On that morning, all that I was told was that I had been found behind a dumpster, potentially penetrated by a stranger, and that I should get retested for HIV because results don't always show up immediately. But for now, I should go home and get back to my normal life. Imagine stepping back into the world with only that information. They gave me huge hugs, and then I walked out of the hospital into the parking lot wearing the new sweatshirt and sweatpants they provided me, as they had only allowed me to keep my necklace and shoes.

My sister picked me up, face wet from tears and contorted in anguish. Instinctively and immediately, I wanted to take away her pain. I smiled at her, I told her to look at me, I'm right here, I'm okay, everything's okay, I'm right here. My hair is washed and clean, they gave me the strangest shampoo, calm down, and look at me. Look at these funny new sweatpants and sweatshirt, I look like a P.E. teacher, let's go home, let's eat something. She did not know that beneath my sweats, I had scratches and bandages on my skin, my vagina was sore and had become a strange, dark color from all the prodding, my underwear was missing, and I felt too empty to continue to speak. That I was also afraid, that I was also devastated. That day we drove home and for hours my sister held me.

My boyfriend did not know what happened, but called that day and said, "I was really worried about you last night, you scared me, did you make it home okay?" I was horrified. That's when I learned I had called him that night in my blackout, left an incomprehensible voicemail, that we had also spoken on the phone, but I was slurring so heavily he was scared for me, that he repeatedly told me to go find my sister. Again, he asked me, "What happened last night? Did you make it home okay?" I said yes, and hung up to cry.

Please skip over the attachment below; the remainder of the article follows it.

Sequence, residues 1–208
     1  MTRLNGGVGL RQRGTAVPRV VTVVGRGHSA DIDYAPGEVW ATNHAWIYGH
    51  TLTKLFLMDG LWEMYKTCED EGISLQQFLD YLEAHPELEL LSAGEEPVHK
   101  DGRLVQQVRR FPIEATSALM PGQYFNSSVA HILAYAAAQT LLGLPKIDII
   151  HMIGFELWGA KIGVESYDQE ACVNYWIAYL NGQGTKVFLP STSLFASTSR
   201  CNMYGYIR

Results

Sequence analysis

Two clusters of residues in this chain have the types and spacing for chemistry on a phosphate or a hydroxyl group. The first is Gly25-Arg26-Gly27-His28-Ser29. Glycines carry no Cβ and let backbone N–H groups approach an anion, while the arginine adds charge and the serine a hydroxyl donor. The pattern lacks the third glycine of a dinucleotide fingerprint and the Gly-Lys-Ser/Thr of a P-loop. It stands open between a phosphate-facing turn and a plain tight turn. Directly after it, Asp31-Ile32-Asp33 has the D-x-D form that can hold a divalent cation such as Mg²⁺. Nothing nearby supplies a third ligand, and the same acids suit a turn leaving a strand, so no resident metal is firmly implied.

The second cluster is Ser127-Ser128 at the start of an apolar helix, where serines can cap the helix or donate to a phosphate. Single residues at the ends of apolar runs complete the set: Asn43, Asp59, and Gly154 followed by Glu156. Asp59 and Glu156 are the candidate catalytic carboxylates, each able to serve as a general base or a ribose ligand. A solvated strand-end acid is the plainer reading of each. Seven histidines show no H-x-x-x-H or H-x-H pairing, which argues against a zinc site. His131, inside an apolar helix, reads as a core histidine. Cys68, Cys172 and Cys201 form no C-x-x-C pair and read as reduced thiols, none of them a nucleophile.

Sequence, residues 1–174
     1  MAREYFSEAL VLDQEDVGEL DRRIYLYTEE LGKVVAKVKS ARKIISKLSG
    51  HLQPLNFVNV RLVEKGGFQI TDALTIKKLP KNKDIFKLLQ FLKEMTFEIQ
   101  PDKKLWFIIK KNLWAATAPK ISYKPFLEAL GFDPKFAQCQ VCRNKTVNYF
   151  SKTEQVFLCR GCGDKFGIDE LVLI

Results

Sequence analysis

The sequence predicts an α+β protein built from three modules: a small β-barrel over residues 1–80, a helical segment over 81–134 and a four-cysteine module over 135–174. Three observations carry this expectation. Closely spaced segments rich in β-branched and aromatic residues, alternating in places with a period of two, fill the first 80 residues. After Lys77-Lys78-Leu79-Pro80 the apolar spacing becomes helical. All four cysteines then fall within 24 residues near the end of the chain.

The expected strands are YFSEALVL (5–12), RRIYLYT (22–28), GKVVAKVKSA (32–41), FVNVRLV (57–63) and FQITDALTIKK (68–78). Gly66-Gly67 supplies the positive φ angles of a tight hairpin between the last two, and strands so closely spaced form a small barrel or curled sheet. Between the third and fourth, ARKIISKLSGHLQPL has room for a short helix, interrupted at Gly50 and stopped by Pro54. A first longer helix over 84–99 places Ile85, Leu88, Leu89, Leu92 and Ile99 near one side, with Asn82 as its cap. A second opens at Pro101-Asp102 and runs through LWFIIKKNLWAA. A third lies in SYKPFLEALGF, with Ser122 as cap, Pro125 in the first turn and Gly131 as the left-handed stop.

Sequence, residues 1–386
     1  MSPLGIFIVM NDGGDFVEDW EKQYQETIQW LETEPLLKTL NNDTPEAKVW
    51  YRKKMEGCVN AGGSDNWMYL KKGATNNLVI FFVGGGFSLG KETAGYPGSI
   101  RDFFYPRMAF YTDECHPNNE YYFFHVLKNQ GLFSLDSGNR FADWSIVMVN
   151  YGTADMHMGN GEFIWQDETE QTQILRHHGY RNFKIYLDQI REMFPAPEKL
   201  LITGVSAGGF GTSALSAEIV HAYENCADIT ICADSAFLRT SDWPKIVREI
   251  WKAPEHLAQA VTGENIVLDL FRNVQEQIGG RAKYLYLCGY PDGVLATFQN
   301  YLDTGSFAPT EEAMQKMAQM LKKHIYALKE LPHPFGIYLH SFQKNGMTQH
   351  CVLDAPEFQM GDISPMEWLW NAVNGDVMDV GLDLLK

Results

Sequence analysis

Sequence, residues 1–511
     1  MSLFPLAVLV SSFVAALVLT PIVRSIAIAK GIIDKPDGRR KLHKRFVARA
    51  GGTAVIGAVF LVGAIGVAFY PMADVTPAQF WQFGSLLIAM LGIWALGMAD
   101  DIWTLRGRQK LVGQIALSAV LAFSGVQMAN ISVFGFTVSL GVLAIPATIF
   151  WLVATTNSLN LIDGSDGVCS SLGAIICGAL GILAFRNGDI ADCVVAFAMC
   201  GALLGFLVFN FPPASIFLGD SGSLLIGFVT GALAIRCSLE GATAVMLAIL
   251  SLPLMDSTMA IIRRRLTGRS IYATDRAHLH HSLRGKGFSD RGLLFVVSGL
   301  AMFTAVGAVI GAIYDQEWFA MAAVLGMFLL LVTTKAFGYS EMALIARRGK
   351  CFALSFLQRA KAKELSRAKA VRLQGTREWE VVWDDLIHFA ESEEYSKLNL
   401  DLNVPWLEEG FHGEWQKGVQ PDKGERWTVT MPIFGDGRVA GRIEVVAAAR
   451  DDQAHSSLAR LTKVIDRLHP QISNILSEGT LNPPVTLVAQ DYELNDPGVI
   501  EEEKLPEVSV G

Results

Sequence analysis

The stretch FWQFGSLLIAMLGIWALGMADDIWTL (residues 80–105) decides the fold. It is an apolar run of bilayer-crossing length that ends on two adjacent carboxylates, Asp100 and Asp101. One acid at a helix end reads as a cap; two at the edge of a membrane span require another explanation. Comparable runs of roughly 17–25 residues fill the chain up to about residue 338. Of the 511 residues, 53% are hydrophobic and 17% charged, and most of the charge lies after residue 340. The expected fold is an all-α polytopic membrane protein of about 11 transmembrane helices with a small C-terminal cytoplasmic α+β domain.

I was not ready to tell my boyfriend or parents that actually, I may have been raped behind a dumpster, but I don't know by who or when or how. If I told them, I would see the fear on their faces, and mine would multiply by tenfold, so instead I pretended the whole thing wasn't real.

I tried to push it out of my mind, but it was so heavy I didn't talk, I didn't eat, I didn't sleep, I didn't interact with anyone. After work, I would drive to a secluded place to scream. I didn't talk, I didn't eat, I didn't sleep, I didn't interact with anyone, and I became isolated from the ones I loved most. For one week after the incident, I didn't get any calls or updates about that night or what happened to me. The only symbol that proved that it hadn't just been a bad dream, was the sweatshirt from the hospital in my drawer.

One day, I was at work, scrolling through the news on my phone, and came across an article. In it, I read and learned for the first time about how I was found unconscious, with my hair disheveled, long necklace wrapped around my neck, bra pulled out of my dress, dress pulled off over my shoulders and pulled up above my waist, that I was butt naked all the way down to my boots, legs spread apart, and had been penetrated by a foreign object by someone I did not recognize. This was how I learned what happened to me, sitting at my desk reading the news at work. I learned what happened to me the same time everyone else in the world learned what happened to me. That's when the pine needles in my hair made sense, they didn't fall from a tree. He had taken off my underwear, his fingers had been inside of me. I don't even know this person. I still don't know this person. When I read about me like this, I said, this can't be me.